higher than on AC energised insulators. Where wind dominates the deposition will be much closer to that under AC
conditions.
Pollution precipitating onto the insulators (under the influence of gravity) is normally only a concern at sites located
close to distinct sources of pollution such as:

Polluted industrial areas (with dust laden air).


Mining (especially open cast mines).
Agriculture (ploughing, irrigation etc.).
Roads (road salt during winter, and soot from automobiles etc.).

These areas are normally of limited extent as the pollution severity from a localised source generally reduces by
the inverse of the square of the distance from the source [47].

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NATURAL CLEANING
Insulators are also exposed to natural cleaning in which pollution is removed from the insulator surfaces by natural
means. This is considered beneficial as it results in a reduction of the pollution severity. The two natural cleaning
agents are:
1. Rain. High-intensity rain is very effective in washing pollutants from insulator surfaces. Exposed (i.e., top)
surfaces that come in direct contact with the rain are most effectively cleaned. The more protected, or
bottom surface on the insulator, may also undergo some cleaning, but it is not as efficient. Rain washing of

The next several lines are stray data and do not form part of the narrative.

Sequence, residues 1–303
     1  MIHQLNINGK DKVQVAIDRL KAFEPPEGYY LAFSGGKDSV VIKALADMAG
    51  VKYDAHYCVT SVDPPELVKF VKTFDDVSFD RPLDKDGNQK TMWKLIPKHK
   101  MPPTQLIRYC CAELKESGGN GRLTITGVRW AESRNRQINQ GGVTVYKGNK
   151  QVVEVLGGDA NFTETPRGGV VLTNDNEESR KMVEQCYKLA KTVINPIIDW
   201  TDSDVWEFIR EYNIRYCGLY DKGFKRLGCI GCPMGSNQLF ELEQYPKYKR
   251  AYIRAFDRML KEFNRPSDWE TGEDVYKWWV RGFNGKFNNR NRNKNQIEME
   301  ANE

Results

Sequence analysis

inclined/horizontal insulators can, however, be very effective.
2. Wind. In desert areas, strong winds may carry large sand particles that have a sand blasting affect,
removing pollutants from the windward side of the insulator [44]. Strong winds will also inhibit the
deposition of pollution on smooth surfaces.
The combination of deposition and natural cleaning processes results in a non-uniform pollution deposit on the
insulator surface where the exposed surfaces of the insulator generally collect less pollution than the more
protected parts. On disc insulators this is normally quantified by measuring the amount of pollution accumulated on
the top and bottom surface of the insulator separately and expressing it in terms of the Contamination Uniformity
Ratio (CUR), which is the ESDD level on bottom surface of the insulator divided by that of the top surface. It
should be noted that many papers quote the Top to Bottom Ratio (T/B) which is the inverse of the CUR.